There are people who are passionate about a single thing and that is good for them, I guess, but I see no reason for anyone to feel bad about not having the energy, time, motivation, inspiration, or wherewithal to devote large swaths of their life to a singular, primary purpose (when there are infinite things and purposes to explore).

 

Today’s lesson: You do not have to chase your dreams, especially if you do not have one or if you have too many. You do not have to follow your passion, especially if you are not that passionate about anything yet. Maybe you will find your passion. Maybe you will never find something you are particularly passionate about. Either way is okay. Just make time in your life to do things you love. There is no requirement for you to become a slave to your ideas or ideals. Do not feel guilty for being anything less or more than you are willing to be in this moment.

 

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Why We (Think We) Fail, Pt 2 of 3

Who is more successful… you or Colin Hanks (Tom Hanks’ son)?

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Like most people, I sometimes feel like a failure. There are moments when I am not grateful for what I have or not cognizant of what I have accomplished but rather envious of what I don’t have and aware of what I have not accomplished. So I sat down and considered what sometimes makes me feel like I suck at living my life. I think there are three big reasons. Yesterday, I wrote about Comparing Yourself to OthersLet’s explore another one:

Defining Success in Context. 

Stories about success are prevalent in the media. I love to read stories of how people overcame obstacles and attained something they pursued. Unfortunately, sometimes I am so caught up in the stories of others that I neglect my own. I want something more, better, or different from what I have and the longer I want something or the further away it seems, the more I feel like I am failing at living my life. This is especially true if I see other people enjoying or attaining the thing I want, whether it is something small like owning a new product, or something big like a relaxing scenic vacation, or something really big like having a mansion on a private island and an exotic vacation home.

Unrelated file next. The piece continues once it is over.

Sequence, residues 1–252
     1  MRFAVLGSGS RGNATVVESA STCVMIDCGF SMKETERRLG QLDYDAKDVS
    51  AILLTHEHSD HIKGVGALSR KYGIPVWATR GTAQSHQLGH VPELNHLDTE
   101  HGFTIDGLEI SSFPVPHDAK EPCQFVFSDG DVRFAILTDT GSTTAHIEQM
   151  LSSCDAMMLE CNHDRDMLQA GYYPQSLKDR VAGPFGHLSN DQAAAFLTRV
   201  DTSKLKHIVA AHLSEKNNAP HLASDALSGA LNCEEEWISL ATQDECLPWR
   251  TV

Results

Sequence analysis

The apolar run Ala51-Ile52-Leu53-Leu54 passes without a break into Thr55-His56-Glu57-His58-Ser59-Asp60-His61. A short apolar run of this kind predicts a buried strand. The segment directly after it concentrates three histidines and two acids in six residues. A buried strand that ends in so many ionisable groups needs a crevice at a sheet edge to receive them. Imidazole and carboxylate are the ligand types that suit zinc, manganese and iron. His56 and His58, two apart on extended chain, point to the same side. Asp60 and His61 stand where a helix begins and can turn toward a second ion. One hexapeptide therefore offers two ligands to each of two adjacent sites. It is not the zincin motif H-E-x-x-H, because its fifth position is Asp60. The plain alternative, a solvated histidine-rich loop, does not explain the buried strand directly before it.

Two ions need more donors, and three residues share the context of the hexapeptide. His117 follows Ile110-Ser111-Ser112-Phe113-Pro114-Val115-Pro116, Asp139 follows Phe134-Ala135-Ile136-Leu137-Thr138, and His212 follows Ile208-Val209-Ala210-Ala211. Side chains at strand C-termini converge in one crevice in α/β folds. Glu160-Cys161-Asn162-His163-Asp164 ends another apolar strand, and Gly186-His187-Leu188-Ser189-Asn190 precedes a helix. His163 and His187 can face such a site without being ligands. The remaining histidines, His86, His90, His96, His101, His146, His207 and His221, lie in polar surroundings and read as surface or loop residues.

One problem with this mentality is allowing myself to have a skewed definition of “success”. Rather than judge my success on its own merit, I sometimes judge it by my perceived success of others. That would be fine… if it was not so frequently wrong. I do not know the lives of others and often they do not know their own life story that well. I suspect none of us do. After all, we are busy living our lives! This means I do not know the cause of anyone’s success. I only see the effect (and, really, only a small part of the effect because I am not involved in every moment of someone else’s life).

For example, who is more successful?

…The son of a wealthy, famous actor who goes into acting and has a hit movie, thanks to the proximity of resources, time, and support to chase his acting career. OR…

…A homeless, recovering alcoholic who has lost everything, but faces and eventually overcomes her addiction, working her way back into lower-middle class society and settling down with a supportive family in the suburbs?

The actor’s son started with a network of people at his disposal to help him. With a little luck and moderate talent, it would be nearly impossible for him to fail. He might have an expensive house, fancy car, and a lot of money, but I would not consider someone who started at the top and stayed there more successful than someone who started at the bottom and made greater progress against greater obstacles. The irony here, of course, is the recovered alcoholic who rebuilt a life from nothing will likely look at the celebrity as an example of success.